The market is at what we like to call an inflection point--it's either a turning point or an acceleration point for the market. Based on the number of resistance points that the market has reached (reviewed in the charts below), it looks like the current bounce should fail here and turn back down. But if the market jumps above this resistance then we could see an acceleration of the move higher. Answer that question properly and you'll put some good money in the bank. Let's see if the charts will share their secrets.
DOW chart, Daily
The DOW has almost made it up to its 50-dma in the current bounce and short term charts look overbought so I suspect this resistance will hold. It will be critical for the bulls to recapture this moving average otherwise a kiss goodbye against it would look very bearish.
There's lots of speculation in the market about this 2002-2006 bull market as to whether or not it's long in the tooth. It's certainly vulnerable to a steeper correction even if we haven't quite seen the high yet. I came across an interesting chart that shows the comparison of the current (2002-2006) bull market to previous bull markets.
Stock Market Rallies chart, courtesy chartoftheday.com
This shows the current Dow rally is the 6th longest in duration but the 5th weakest in strength. The relative weakness of this bull market is a reason to be cautious if you're long the market. And given the concerns of the economy, the poor growth in personal income (and soon to be lack of income from home equity extraction which I'll discuss more later), high energy bills, an increase in credit card payments starting in January due to new legislation and the lag time before Fed rate hikes have an effect, there's reason to believe the bull market may be on its last legs here.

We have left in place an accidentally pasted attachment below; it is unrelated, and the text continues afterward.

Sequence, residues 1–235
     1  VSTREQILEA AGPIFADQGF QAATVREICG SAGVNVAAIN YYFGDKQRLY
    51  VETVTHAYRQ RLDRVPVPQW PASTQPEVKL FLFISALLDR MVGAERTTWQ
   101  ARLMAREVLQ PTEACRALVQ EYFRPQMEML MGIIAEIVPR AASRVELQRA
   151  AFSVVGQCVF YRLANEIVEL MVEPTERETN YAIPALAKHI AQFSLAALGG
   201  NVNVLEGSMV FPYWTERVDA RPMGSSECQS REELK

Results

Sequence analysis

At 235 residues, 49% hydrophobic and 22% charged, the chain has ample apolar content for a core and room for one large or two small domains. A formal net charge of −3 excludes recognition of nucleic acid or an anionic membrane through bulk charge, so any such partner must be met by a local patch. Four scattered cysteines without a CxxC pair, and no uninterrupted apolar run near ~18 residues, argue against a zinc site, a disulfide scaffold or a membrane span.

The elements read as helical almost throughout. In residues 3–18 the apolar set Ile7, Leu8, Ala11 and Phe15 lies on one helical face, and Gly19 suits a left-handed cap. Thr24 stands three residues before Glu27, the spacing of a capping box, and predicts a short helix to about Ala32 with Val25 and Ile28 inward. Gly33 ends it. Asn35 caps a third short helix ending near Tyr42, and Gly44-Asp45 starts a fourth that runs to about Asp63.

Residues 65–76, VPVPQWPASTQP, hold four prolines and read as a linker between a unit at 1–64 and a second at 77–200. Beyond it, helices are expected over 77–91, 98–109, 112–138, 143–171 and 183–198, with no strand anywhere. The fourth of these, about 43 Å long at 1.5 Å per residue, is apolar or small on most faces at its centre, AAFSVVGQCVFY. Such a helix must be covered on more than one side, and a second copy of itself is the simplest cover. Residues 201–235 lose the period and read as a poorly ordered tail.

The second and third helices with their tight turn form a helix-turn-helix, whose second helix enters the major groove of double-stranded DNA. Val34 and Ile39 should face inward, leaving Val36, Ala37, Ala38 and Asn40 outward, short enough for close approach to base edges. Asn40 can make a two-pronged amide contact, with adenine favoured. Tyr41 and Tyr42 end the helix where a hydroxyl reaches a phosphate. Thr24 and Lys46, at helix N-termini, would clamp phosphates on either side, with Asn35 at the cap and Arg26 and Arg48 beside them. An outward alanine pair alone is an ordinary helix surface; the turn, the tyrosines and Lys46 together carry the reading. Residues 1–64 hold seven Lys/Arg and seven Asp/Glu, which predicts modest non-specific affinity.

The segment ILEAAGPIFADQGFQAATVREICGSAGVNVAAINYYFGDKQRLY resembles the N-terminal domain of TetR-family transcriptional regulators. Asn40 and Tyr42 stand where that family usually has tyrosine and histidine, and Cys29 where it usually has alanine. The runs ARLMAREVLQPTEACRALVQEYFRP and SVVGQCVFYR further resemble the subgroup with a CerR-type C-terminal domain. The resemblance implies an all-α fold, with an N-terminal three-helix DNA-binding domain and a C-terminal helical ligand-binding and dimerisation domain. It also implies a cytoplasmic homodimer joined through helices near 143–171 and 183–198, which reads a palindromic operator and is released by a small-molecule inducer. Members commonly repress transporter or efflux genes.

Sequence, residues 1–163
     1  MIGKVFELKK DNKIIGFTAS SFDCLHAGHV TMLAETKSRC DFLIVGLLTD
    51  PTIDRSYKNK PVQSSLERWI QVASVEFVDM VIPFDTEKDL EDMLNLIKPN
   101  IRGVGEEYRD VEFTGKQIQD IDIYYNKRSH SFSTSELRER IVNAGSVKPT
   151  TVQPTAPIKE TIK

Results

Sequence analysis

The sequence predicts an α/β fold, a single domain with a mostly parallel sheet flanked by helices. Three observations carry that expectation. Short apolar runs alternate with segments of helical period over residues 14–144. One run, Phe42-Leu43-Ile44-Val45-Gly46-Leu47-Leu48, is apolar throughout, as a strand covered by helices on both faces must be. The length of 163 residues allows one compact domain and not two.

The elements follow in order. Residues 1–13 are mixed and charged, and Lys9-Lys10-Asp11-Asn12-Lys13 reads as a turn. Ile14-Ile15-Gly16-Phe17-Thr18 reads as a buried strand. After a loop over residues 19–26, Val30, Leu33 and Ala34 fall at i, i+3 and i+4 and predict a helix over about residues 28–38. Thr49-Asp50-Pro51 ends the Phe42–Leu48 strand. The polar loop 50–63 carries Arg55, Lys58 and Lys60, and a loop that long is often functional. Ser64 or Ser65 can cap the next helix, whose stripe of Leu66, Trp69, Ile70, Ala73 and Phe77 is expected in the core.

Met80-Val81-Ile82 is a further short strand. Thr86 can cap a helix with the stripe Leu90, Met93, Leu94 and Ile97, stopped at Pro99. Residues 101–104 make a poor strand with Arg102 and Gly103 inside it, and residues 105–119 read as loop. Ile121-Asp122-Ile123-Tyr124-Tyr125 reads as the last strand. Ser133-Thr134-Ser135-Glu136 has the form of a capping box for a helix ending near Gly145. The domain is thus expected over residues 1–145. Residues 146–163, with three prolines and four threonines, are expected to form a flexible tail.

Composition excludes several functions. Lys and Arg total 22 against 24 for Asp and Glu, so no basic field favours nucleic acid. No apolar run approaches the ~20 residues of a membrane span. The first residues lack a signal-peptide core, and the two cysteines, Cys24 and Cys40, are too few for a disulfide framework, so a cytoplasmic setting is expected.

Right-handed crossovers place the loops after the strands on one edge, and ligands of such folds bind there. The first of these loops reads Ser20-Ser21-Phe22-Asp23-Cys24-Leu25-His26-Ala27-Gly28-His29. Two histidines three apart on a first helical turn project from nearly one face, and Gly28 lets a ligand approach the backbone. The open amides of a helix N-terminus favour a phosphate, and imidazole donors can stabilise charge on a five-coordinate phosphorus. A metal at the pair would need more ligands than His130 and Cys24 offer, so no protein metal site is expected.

SPX chart, Daily
SPX bound support at its 50-dma (1264.55 currently), unlike the DOW which could find it as resistance tomorrow. Not shown on this chart, the 20-dma at 1274 was resistance today so a resolution should be upon us here--a rally above the 20-dma will be bullish whereas a break back below its 50-dma will be bearish.
Nasdaq chart, Daily
Like SPX, the COMP found support at its 50-dma, currently at 2255. Any break back below that moving average would be bearish but if it can continue its rally it could be headed for the 2350 area.
SOX index, Daily chart
Triple top or breakout in the making? That's what everyone is wondering as they study the SOX tonight. There is bearish divergence at these retests of the highs which does not look bullish but if it manages to break higher tomorrow, it could make a run up to the top trend line above 550. The uptrend line from October and its 50-dma are well below near 500 but any break below 515 would spell trouble for the semis.
BKX banking index, Daily chart
The banks have bounced big over the past 2 days but slammed into its 20 and 50-dma's, both located near 104.45, which is also the 62% retracement of the January decline. That will be tough resistance to crack on the first try, especially with short term overbought charts and negative divergences at the last high today. Look for a pullback tomorrow. If it drops back down and closes today's gap right away, there's a good chance it will just keep dropping. A recovery back above 105 could send this to new highs, but that's not what I'm expecting.
Before looking at the home builders, yesterday's reports on the housing market (existing home sales falling 5.7% to lowest rate in 2 years, and unsold inventory at a 5.1 month supply) reminded me of some information that I recently came across that I thought would be worth sharing. I've discussed several times in the recent past our housing market, how inflated it is and what that has meant for the US consumer. It's been a veritable treasure chest of gold as homeowners have been able to tap untold riches called home equity.
The ability to pull out large quantities of money from homes has compensated for a significant drop in labor income over the years. The outsourcing of higher paying manufacturing jobs and higher paying white collar service jobs (software programming, engineering, accountants, consultants, financial analysts), has resulted in a drop in real labor income for the US workers, estimated to be about a $335B loss in 2005. Home equity extraction of about $600B in 2005 helped to offset that drop. That's very significant since we're not likely to get those offshore jobs back but we're about to see a significant decline in home equity extraction. The economic impact to the US consumer, and therefore businesses, could be quite painful.